Don’t Want No Stinkin’ Car Ride – A Treatment Plan For Car Sickness
The initial symptoms of car sickness are easy to recognize. They generally begin with extreme panting and/or excessive salivating which are often followed by gagging and vomiting. The question you as a professional dog trainer should ask yourself is, “is it motion or anxiety that is causing the dog to react this way?”
Few dogs actually suffer from true motion sickness. True motion sickness is caused by an inner ear problem and should be treated medically as well as behaviorally. In my estimation, approximately 90 percent of cases labeled motion sickness are actually anxiety-related. Most dogs become anxious in the car because they were never properly desensitized to being in the car. They may also have had some negative experiences in the car. Consider that one of the first traumatic experiences a young puppy might have had to endure is a car ride to his new home leaving behind all the safety and security of his litter mates and mother. This experience alone could be enough to trigger anxiety-based car sickness in some dogs.
The behavioral treatment plan below should be implemented when treating car sickness, whether it is motion-based or anxiety-based, since both types will benefit from the therapy. If the dog does not progress at an acceptable rate, you should consider seeking the advice of a veterinarian and treating the dog for true motion sickness.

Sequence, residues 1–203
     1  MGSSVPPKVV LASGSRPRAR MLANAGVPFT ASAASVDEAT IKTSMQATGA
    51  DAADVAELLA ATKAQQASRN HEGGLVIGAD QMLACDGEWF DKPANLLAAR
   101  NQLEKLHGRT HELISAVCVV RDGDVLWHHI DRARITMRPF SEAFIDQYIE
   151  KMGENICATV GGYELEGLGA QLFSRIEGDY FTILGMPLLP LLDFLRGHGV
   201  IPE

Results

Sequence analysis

1. Don’t feed or water the dog for a minimum of several hours prior to any car ride. I would highly recommend a completely empty stomach if at all possible.
2. Transport the dog in a crate. Position the crate so the dog cannot see out the side windows. Just like people, most dogs are more likely to get sick if they see sideways motion.
3. Keep the temperature in the car cool using either the air conditioner or leaving the windows partially down. Providing adequate ventilation is a must.
4. Caution the owner about inadvertently rewarding the dog for stressed behavior by stroking or talking to the dog at any time while the dog is displaying symptoms.
5. Consider the use of non-prescription medications such as Serene-Um, Pet Calm, and Rescue Remedy. I have also heard that ginger is very good for nausea, so you might also check into ginger pills. Make sure to consult with your veterinarian regarding side effects, usage and dosage.